“Experimental Evolution Amongst Plants” (1895)

Tl;dr: This post features my (thus far) favorite quote that I have found when doing historical work on experimental evolution. In his speech/article, Liberty Hyde Bailey argued that the truth of evolution had already been demonstrated… centuries ago as well as in the present day, not by the academic elite, but by those involved in the cultivation of fruits, vegetables, and flowers. For Bailey, the domestication of plants and animals was a form of experimental evolution.

In 1891, the French Darwinian Henry de Varigny, mentioned in my previous post, called for an “experimental evolution.” He thought experimental work could demonstrate the reality of evolution in real time, so as to convince those who remained creationists that Darwin was generally right. Additionally, citing breeders as a kind of ‘experimental evolutionist,’ he argued that there would be practical and economic benefits to its pursuit. Thus, for de Varigny, experimental evolution would push evolution towards acceptance while creating societal benefits.*

While de Varigny’s influence remains unclear to me, especially with regard to his proposal for a station of experimental evolution,** at least one scientist responded, arguing that breeders had already shown that evolution was real.

Liberty Hyde Bailey. (public domain)

Liberty Hyde Bailey, a professor of horticulture at Cornell University and an all-around important public figure (and poet, apparently), responded with an address to the Massachusetts Horticultural Society, later published in The American Naturalist, titled “Experimental Evolution Amongst Plants.” Skipping to the juicy part, Bailey ends his address with this bombshell of a quote:

“He [everyone] knows that nearly every plant which has been long cultivated, has become so profoundly and irrevocably modified that people are disputing as to what wild species it came from. Consider that we cannot certainly identify the original species of the apple, peach, plum, […][***] and nearly or quite a hundred other common cultivated plants. It is immaterial whether they are called species or varieties. They are new forms. Some of them are so distinct that they have been regarded as belonging to distinct genera. Here is the experiment to prove that evolution is true, worked out upon a scale and with a definiteness of detail which the boldest experimenter could not hope to attain, were he to live a thousand years. The horticulturist is the only man in the world whose distinct business and profession is evolution. He, of all other men, has the experimental proof that species come and go.”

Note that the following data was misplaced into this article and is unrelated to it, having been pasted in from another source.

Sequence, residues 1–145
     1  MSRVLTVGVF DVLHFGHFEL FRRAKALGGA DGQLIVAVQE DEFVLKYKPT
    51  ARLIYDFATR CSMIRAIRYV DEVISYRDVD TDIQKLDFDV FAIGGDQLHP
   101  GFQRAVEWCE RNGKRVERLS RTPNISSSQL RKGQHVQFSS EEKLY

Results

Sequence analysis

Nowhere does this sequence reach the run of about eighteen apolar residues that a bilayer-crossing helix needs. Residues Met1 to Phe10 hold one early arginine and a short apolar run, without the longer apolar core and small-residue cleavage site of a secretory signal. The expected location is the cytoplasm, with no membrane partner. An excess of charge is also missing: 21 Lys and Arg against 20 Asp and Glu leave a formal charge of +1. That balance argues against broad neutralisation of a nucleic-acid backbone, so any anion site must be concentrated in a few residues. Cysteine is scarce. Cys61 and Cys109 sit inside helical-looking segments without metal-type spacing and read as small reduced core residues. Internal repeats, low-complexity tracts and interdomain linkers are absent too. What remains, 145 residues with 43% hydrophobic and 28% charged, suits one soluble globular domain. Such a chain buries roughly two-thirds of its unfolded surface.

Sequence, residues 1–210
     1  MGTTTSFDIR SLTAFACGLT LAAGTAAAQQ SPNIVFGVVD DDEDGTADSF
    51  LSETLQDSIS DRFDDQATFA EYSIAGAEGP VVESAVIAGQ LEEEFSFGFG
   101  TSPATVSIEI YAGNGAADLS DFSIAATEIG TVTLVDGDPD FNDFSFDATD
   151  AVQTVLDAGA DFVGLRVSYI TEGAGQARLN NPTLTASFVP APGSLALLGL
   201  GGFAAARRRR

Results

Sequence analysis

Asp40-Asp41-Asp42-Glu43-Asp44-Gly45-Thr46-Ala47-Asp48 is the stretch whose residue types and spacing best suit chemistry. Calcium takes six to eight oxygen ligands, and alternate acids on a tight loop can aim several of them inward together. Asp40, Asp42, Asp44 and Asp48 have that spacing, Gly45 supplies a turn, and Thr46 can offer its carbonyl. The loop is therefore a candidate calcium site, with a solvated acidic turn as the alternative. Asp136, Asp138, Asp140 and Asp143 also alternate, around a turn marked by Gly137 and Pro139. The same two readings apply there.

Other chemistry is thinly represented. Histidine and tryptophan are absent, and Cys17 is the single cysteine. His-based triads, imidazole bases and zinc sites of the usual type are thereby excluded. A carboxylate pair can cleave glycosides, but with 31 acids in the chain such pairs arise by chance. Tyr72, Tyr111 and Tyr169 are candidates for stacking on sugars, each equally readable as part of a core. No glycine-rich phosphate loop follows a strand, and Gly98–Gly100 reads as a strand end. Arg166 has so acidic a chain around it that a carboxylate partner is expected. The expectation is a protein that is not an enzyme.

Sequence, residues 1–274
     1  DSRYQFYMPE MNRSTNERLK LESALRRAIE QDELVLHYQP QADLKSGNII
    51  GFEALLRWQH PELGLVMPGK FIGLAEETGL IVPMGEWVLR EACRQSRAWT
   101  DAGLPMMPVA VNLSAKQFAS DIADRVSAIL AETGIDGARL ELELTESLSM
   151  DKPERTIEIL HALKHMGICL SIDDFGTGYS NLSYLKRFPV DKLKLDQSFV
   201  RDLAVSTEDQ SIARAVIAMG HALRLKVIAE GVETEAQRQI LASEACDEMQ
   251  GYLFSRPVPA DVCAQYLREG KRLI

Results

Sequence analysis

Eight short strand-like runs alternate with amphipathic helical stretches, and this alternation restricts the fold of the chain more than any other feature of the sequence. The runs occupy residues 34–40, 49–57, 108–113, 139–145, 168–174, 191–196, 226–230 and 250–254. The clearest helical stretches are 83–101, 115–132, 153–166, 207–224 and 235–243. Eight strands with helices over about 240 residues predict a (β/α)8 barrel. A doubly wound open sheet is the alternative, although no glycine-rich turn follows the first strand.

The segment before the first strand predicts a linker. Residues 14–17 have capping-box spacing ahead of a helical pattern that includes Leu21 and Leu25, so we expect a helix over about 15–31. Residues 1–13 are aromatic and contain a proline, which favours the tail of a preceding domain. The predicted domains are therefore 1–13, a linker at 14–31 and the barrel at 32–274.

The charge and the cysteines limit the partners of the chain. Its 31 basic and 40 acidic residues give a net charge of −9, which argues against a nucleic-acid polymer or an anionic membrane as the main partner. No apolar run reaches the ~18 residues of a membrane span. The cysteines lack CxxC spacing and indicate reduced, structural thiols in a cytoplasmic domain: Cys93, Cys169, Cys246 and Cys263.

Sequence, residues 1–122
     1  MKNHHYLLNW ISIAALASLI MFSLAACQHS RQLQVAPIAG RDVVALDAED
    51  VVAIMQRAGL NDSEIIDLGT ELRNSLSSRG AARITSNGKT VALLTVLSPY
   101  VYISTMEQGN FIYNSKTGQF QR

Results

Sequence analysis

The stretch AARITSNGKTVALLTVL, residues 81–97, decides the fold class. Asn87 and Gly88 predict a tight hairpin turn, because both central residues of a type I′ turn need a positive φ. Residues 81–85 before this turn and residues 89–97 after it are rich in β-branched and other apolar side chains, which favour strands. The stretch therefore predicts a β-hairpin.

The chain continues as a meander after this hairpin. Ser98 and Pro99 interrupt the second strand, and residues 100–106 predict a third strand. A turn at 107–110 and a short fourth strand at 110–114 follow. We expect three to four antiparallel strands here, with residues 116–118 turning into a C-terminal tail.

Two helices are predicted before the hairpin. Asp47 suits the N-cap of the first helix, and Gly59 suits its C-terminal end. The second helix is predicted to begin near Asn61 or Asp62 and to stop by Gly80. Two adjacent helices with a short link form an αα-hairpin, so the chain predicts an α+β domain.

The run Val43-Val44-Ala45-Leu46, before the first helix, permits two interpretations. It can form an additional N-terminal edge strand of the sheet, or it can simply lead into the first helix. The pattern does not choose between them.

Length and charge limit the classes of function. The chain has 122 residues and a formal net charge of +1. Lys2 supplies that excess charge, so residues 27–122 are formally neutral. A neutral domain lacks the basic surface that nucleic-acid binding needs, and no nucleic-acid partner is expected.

*mic drop*

“… whose distinct business and profession is evolution.” Love it!

Despite the power of his argument, we all know creationism has yet to disappear from American society. In fact, Bailey’s style of argument is still used over one hundred years later to teach evolution to the public and to confront creationists.

A species of wild mustard has been evolved into various modern vegetables through the selection of different body parts, such as the leaves, stems, or flowers.

For instance, Jerry Coyne, at his website Why Evolution Is True, used the brassica vegetables and dog breeds as examples of the power of artificial selection in a post attacking intelligent design. David Mindell’s The Evolving World contains several more examples of this evolved diversity of plants and animals through human domestication.

[I was hoping to embed the clip from the second episode of the new Cosmos with Neil deGrasse Tyson where he discusses the evolution of dogs, but apparently most of the formerly available clips have been removed for the sake of making people buy the blu-ray/DVDs. Boo.]